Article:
If you are not familiar with Duotrope, they are a submission engine, i.e. they aid writers in finding magazines, book publishers, and agents to print their stories and poetry. The way they do this is by listing important data on magazines, which their subscribers can search. I have used them for several years and they are a very useful tool in finding publishers. They do charge a nominal fee of about $5/month. What you get out of the website is well worth that $5 many times over. If you are a writer, I recommend them highly. Even if don’t write and only read, they will still be very useful in finding the right magazines for you.

While you are there, check out The Chamber’s listing. It is a good example of how they run their website/database.


Update November 15: Batesville Comic-con Invitation

This weekend I was invited to speak at the Batesville (Arkansas) High School ComicCon March 4-5. I will be speaking on my writing and on The Chamber Magazine and my second publishing endeavor, Rural Fiction Magazine.

At Arkansas Post 2020

This weekend I was invited to speak at the Batesville (Arkansas) High School ComicCon March 4-5. I will be speaking on my writing and on The Chamber Magazine and my second publishing endeavor, Rural Fiction Magazine. I will provide more details as I learn them and as I develop my talks.

Being invited to the ComicCon was a pleasant surprise. This is the first time I have been invited anywhere to speak on my writing. I am flattered.

I am looking forward to this opportunity to speak about three of my favorite passions.

More to come. Stay tuned.

Diabolical Giveaway

This is just a quick note to let everyone know that on every Friday in September (i.e. the 3rd, 10th, 17th, and 24th), I will be giving away the Kindle version of my very small short story collection Diabolical: Three Tales of Vengeance and the Sorcerer Jack Thurston…

Diabolical
The new cover for Diabolical as of October 2020.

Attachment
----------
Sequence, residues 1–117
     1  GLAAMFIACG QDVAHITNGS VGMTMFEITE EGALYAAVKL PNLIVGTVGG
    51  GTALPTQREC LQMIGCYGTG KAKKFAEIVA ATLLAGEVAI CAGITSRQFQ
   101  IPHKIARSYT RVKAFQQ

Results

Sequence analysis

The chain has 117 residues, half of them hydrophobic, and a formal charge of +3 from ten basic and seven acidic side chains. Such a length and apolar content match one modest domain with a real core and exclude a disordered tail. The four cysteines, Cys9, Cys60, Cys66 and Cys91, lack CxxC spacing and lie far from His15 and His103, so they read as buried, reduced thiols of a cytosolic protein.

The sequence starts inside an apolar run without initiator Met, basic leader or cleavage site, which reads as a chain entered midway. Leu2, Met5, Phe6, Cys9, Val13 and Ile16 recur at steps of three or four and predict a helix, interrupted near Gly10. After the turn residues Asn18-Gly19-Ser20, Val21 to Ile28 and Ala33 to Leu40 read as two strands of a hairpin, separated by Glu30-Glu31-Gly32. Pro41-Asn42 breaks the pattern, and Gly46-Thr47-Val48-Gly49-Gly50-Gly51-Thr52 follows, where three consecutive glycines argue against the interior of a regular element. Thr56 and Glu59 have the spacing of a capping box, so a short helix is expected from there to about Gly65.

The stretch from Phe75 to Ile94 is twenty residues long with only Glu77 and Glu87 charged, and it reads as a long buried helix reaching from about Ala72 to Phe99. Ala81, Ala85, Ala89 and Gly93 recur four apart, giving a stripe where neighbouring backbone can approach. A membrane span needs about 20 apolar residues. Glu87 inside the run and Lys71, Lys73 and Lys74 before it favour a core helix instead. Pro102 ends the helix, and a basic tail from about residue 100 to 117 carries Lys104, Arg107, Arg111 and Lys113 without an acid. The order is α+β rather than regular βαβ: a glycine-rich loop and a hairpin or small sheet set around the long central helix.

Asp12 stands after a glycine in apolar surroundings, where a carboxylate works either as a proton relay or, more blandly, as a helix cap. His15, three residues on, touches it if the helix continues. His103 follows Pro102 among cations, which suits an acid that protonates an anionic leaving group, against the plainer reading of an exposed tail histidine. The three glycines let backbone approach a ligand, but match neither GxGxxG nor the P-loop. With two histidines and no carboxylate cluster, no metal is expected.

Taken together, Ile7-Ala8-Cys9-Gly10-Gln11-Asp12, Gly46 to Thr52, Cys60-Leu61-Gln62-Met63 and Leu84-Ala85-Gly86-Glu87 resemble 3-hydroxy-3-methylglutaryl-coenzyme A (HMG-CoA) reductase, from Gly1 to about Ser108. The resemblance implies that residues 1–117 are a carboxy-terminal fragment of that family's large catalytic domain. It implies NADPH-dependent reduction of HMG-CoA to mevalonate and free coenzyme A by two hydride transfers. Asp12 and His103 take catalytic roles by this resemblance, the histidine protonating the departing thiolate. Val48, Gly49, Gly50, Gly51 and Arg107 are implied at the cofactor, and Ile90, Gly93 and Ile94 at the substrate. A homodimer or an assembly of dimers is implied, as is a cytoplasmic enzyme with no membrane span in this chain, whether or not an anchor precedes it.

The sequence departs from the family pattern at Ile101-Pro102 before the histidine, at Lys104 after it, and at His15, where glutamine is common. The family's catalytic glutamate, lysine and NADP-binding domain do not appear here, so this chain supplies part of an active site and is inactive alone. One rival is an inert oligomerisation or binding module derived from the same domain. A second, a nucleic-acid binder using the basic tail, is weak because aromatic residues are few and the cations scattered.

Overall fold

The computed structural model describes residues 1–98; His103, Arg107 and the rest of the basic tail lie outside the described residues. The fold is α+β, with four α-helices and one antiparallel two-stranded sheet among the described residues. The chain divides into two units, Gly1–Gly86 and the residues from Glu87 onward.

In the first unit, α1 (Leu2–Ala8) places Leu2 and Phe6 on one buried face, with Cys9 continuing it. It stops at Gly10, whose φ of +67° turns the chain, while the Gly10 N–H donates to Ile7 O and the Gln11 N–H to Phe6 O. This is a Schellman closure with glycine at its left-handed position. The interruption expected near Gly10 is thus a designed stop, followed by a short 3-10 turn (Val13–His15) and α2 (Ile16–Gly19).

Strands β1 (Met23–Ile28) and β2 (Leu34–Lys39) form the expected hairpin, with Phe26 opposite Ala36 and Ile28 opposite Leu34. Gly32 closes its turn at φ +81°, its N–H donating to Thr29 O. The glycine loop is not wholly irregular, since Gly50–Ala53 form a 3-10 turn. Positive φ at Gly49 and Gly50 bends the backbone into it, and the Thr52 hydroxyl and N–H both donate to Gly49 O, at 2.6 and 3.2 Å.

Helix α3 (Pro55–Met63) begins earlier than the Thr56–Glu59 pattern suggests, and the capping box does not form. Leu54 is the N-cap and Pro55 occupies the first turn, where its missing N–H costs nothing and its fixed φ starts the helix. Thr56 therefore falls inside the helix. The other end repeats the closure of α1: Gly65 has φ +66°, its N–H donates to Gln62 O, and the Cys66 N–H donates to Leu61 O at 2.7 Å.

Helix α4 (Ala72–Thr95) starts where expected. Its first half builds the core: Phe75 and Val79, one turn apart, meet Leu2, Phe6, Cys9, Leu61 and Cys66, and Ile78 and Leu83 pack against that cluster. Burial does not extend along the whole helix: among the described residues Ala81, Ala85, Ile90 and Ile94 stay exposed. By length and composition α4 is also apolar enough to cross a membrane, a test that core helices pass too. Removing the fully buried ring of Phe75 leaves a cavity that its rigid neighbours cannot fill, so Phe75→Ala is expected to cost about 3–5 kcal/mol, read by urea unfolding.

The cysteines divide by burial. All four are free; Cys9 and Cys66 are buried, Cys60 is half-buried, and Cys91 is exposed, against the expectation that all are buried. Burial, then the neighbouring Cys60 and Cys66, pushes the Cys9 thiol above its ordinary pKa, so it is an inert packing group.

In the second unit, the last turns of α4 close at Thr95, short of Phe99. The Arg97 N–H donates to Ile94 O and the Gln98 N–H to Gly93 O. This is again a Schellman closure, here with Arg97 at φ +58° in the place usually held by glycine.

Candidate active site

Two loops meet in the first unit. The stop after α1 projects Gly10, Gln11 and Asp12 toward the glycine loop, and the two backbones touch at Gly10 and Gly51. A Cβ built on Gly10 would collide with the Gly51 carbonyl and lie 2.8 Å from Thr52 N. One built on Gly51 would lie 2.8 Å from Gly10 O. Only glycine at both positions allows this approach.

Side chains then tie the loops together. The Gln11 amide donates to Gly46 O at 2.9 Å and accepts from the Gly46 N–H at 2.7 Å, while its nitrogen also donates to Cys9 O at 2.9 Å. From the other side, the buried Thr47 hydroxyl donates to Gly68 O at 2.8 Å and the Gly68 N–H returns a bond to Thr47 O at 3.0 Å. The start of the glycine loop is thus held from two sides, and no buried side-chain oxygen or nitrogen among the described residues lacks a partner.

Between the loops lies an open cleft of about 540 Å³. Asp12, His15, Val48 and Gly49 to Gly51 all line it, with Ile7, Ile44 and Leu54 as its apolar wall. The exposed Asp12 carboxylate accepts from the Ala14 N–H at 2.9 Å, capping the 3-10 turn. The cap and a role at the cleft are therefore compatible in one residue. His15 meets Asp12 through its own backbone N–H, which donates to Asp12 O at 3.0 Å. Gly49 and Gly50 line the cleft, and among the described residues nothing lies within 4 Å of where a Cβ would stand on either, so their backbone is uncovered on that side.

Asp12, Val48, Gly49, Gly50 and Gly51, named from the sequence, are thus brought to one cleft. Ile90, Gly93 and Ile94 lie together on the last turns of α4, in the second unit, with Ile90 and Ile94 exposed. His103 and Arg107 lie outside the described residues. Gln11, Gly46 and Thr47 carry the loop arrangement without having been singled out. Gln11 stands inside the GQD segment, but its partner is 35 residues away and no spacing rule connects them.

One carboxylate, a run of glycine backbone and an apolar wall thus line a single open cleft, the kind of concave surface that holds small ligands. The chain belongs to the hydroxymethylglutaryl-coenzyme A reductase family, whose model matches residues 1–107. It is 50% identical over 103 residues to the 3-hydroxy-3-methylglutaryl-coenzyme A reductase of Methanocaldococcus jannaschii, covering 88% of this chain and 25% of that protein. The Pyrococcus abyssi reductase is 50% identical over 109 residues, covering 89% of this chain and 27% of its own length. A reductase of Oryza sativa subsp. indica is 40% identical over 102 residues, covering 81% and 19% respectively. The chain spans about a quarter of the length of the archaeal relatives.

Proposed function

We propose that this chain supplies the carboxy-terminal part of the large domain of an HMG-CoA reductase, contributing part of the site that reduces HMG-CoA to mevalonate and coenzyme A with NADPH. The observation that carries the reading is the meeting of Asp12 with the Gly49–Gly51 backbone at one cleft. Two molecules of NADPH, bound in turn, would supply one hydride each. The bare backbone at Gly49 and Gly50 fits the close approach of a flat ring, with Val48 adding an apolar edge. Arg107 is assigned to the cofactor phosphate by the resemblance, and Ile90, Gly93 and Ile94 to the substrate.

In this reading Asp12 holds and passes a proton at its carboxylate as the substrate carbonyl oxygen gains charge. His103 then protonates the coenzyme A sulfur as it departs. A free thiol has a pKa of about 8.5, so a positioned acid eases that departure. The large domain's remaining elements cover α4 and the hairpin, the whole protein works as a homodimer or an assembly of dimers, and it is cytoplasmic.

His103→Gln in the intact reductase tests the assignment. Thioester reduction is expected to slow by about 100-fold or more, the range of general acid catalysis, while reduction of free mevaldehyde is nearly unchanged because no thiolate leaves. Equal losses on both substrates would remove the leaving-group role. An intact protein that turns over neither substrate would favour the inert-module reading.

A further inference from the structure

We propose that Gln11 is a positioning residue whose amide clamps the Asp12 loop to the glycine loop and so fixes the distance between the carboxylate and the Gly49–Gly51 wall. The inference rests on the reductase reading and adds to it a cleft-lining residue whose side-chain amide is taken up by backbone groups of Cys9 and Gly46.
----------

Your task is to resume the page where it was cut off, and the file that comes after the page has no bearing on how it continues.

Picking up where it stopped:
This is just a quick note to let everyone know that on every Friday in September (i.e. the 3rd, 10th, 17th, and 24th), I will be giving away the Kindle version of my very small short story collection Diabolical: Three Tales of Vengeance and the Sorcerer Jack Thurston. Follow the link to get yours on any of those Fridays. Here is a quick synopsis from the book’s webpage:

“Jack Thurston is a retired professor of medieval literature and history. He is also a widower and father and a retired sorcerer who has returned to the black arts to exact horrifying revenge for the death of his wife, daughter, and brother. Jack has an intriguing position in the universe at a focal point of life, the afterlife, logic and reason, anger and hatred, the ancient and the modern worlds, grief and his attempts to escape grief through self-destruction. Though he wants to have the peace he once found with his wife, Agatha, he is pulled in many directions by circumstance and by his powerful negative emotions. These stories are included in the collection A Tale of Hell and Other Works of Horror.”

While you’re there, check out the other books I have available or go to Slattery Publishing to see what blank notebooks are available.

Check back on both pages frequently. I occasionally give away Kindle versions of my works. Unfortunately, Amazon won’t allow me to give away hard copies of my books, but I try to keep the prices as low as I can.

Although I am experimenting with different sizes, most of the notebooks are 6″ x 9″ and contain 200 lined, paginated pages with colorful covers. If you purchase one, please leave a review of it on Amazon, so that I can learn how to improve.